The objective of this work is to review what would be Neurofibromatosis (NF1), the gene that occurs the mutation, symptoms, early diagnosis that is benefecial for children and the treatment that improves the patient’s condition. It also seeks to expand the knowledge of patients and their families, since it allows them to provide ralatives with appropiate information to improve the quality of life for each of them. Demonstrate the importance of early diagnosis for improving the quality of life of patients with type 1 Neurofibromatosis.

Materials and Methods

This study was based on database analysis, such as Pubmed, Literatura Latino-Americana e do Caribe em Ciências da Saúde (Lilacs) and Scientific Electronic Library Online (Scielo). For data analysis, the following keywords were used: “Neurofibromatosis”, “Neurofibromatosis type 1”, “Children”, “Skin pathologies”, “genetics”, “NF1”, “Clinical diagnosis”, “Early diagnosis” “and” “Prognosis”. The focus is the analysis of article published in the last eleven years (2008 – 2020), in English, Portuguese and Spanish. Studies have been studied that aim to describe and analyze the relationship “early diagnosis X improvement of patient’s quality of life”.



The disease was first described in 1882, since then, several related discoveries of skin pathologies and behavioral issues. From the 90’s, a study for specific diagnosis (because there are three diseases with some similar clinical characteristics) started, with the study for clinical-genetic characteristics. The disease is based on diagnostic criteria from the National Institute of Health. In 1998, the need for a diagnostic criterion was dictated for children under 6 years of age, because some symptoms can cause confusion among health professionals [5].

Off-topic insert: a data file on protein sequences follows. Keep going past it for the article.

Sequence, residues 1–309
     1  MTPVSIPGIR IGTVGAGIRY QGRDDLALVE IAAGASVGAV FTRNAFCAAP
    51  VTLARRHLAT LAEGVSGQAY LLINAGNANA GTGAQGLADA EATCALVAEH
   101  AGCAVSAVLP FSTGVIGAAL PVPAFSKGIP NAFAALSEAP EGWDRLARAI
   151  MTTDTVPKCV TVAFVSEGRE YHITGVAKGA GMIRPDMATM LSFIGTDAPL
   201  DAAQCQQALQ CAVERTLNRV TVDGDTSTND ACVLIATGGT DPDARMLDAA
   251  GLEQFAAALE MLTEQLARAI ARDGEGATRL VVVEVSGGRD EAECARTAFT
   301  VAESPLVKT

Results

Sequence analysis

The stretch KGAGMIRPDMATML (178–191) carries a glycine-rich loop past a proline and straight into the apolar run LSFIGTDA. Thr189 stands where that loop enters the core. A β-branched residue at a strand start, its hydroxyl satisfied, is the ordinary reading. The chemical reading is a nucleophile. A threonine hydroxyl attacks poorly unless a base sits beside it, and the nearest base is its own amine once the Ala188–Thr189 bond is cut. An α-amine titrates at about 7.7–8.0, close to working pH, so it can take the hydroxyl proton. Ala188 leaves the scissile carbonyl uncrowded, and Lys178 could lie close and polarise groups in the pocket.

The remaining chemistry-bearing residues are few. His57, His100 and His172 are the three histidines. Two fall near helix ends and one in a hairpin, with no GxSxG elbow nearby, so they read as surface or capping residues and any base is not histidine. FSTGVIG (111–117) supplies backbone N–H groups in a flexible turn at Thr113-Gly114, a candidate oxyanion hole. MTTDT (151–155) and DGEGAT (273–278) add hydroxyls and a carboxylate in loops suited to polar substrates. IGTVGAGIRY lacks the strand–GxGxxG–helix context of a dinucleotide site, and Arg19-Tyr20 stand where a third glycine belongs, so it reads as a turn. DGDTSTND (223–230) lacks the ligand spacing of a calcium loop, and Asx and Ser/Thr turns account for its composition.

NF1 is an autosomal dominant genetic disorder, with an incidence of approximately 1 to 3000 individuals. In some cases, the disease is related to a family case (inherited) while others indicate a mutation (sporadic), which are associated with errors that occur mainly in the paternal chromosomes, increasing the prevalence with advanced paternal age [6]. 50% of patients have a spontaneous mutation and the other half have an inherited mutation. It occurs equally between gender and race [7]. Evolution results in the deletion of the DKN2A/p16 gene, located on chromosome 17.

Symptomatology/Criteria for Diagnosis